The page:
Just in time…
Cybersecurity experts this week fighting over Twitter in favor of not using HTTPS and suggesting software developers to only rely on signature-based package verification just because APT on Linux also does the same.
Just today, a security researcher revealed details of a critical remote code execution flaw in Linux APT, exploitation of which could have been mitigated if the software download manager was strictly using HTTPS to communicate securely.
Discovered by Max Justicz, the vulnerability (CVE-2019-3462) resides in the APT package manager, a widely used utility that handles installation, update and removal of software on Debian, Ubuntu, and other Linux distributions.
According to a blog post published by Justicz, the vulnerable versions of APT doesn’t properly sanitize certain parameters during HTTP redirects, allowing a remote man-in-the-middle attacker to inject malicious content and trick the system into installing altered packages.
HTTP redirects while using apt-get command help Linux machines to automatically request packages from a suitable mirror server when others are unavailable. If the first server fails, it returns a response with the location of next server from where the client should request the package.
As shown by the researcher in a video demonstration, an attacker intercepting HTTP traffic between APT utility and a mirror server, or just a malicious mirror, eventually could execute arbitrary code on the targeted system with the highest level of privileges, i.e. root, Justicz told The Hacker News.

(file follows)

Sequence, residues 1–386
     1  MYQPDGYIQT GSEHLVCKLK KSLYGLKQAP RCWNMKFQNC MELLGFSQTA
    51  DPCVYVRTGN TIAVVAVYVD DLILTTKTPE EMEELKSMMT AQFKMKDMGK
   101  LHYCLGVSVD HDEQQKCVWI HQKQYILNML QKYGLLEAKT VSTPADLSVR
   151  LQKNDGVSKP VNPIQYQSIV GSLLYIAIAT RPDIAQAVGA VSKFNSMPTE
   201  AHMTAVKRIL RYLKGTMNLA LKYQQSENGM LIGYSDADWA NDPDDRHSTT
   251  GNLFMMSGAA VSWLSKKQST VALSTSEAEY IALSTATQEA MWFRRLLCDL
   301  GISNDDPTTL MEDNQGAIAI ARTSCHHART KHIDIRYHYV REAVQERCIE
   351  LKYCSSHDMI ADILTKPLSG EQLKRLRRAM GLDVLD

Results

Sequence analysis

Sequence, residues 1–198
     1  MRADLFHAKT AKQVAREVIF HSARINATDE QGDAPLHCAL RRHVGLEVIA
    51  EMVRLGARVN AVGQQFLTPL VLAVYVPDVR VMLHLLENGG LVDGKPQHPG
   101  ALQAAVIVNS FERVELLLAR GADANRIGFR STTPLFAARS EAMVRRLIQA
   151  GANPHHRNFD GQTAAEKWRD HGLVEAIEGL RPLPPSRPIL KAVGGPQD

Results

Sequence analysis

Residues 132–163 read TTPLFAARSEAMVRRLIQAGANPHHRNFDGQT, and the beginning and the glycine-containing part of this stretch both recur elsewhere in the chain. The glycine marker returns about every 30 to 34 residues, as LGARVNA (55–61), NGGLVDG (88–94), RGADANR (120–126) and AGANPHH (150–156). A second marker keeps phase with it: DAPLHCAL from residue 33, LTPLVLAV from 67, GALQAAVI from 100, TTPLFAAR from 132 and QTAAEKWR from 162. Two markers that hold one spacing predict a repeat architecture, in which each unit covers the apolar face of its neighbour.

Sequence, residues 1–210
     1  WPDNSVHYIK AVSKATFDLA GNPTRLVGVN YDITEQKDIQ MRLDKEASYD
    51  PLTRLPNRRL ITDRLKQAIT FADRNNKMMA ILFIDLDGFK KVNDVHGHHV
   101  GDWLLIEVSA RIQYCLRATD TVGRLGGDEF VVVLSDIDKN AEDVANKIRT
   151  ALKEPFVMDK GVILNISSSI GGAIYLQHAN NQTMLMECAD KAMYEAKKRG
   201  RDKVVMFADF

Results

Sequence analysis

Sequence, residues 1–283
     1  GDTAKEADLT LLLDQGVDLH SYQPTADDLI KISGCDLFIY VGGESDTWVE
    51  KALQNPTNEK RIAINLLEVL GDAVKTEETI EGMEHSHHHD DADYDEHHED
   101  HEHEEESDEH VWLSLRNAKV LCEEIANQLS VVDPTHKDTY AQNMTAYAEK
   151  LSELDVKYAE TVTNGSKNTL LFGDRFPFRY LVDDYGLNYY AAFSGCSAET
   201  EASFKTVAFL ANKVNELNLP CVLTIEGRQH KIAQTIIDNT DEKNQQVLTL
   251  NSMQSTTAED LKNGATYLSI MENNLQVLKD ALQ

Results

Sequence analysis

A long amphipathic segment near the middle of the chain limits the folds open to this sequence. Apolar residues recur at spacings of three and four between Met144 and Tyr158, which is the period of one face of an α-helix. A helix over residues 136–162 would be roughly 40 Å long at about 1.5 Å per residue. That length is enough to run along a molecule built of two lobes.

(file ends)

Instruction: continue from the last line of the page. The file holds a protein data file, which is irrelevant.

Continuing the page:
Though Justicz has not tested, he believes the vulnerability affects all package downloads, even if you are installing a package for the very first time or updating an old one.
No doubt, to protect the integrity of the software packages, it’s important to use signature-based verification, as software developers do not have control over mirror servers, but at the same time, implementing HTTPS could prevent active exploitation after the discovery of such vulnerabilities.
No software, platform or sever can be 100 percent secure, so having every possible layer of security is never a bad idea to consider.
The developers of APT have released version 1.4.9 that addresses the issue.
Since APT is being used by many major Linux distributions including Debian and Ubuntu, who have also acknowledged and released security patches for the vulnerability, it is highly recommended for Linux users to update their systems as soon as possible.